On Monday, Ukraine continued to drive deeper into territory on the southern front that Russia has occupied for months. It also broadened the scope of that attack, widening the scale of the counteroffensive even as Russian forces tumbled back toward the first of an extensive set of defensive lines Russian forces have constructed across southern Ukraine.
When the first of these lines was being built many kilometers behind the front lines, disconnected from any current action, they seemed like a joke. They seemed like an admission that Russia would be surrendering big swathes of the Ukrainian countryside, and a retreat behind the same technology that had failed to hold back mechanized forces in World War II, much less the 21st century.
That first part remains true. Russia’s construction of defensive lines well behind the front was a signal of what was clear—their ability to continue offensive operations was limited, if not culminated, and for months ahead Russia would be playing defense. The second part … not so much. Those unsecured dragon’s teeth and earthen bulwarks may have seemed funny flowing out at the Putin-ot Line in Luhansk. But over the winter Russia has kept its trenching machines and concrete factories running. All those lines are a lot less hilarious when they’re connected to a network of mine fields, dragon’s teeth, and anti-vehicle trenches in front of concrete pillboxes and sheltered artillery positions.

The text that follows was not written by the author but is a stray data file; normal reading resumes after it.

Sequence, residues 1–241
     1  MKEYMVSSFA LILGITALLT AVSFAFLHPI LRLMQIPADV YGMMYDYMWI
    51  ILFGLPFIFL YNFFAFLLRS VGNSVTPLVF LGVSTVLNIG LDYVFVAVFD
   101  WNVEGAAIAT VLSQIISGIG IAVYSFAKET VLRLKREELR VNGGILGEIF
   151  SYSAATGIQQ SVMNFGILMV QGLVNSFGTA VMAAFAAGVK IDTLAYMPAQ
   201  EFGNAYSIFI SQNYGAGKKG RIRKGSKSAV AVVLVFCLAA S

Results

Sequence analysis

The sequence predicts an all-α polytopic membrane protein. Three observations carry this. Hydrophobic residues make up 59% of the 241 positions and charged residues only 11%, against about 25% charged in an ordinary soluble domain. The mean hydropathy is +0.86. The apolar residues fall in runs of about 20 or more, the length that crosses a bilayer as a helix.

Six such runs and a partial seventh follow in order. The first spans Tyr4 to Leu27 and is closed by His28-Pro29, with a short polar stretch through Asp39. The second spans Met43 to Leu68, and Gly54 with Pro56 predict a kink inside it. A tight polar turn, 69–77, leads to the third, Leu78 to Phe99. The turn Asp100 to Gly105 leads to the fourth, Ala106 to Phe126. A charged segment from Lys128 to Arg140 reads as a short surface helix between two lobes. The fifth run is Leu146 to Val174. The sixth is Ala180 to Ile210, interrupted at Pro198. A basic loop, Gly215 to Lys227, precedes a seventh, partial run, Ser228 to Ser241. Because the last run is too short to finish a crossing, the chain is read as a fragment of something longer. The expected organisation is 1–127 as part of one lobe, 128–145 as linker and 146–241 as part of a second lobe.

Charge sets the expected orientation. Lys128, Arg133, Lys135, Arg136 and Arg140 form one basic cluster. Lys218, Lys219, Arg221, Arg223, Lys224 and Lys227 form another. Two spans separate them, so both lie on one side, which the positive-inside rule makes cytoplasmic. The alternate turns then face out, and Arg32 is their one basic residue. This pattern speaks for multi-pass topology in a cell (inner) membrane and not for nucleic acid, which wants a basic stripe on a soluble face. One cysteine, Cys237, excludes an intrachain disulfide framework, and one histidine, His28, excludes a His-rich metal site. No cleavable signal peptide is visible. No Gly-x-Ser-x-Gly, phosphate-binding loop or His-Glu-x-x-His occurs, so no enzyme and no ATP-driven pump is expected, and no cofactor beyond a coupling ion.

Ukraine has made good progress fighting the Russian forces in front of those lines, but it may not be good enough for what happens next.
Powered by WPeMatico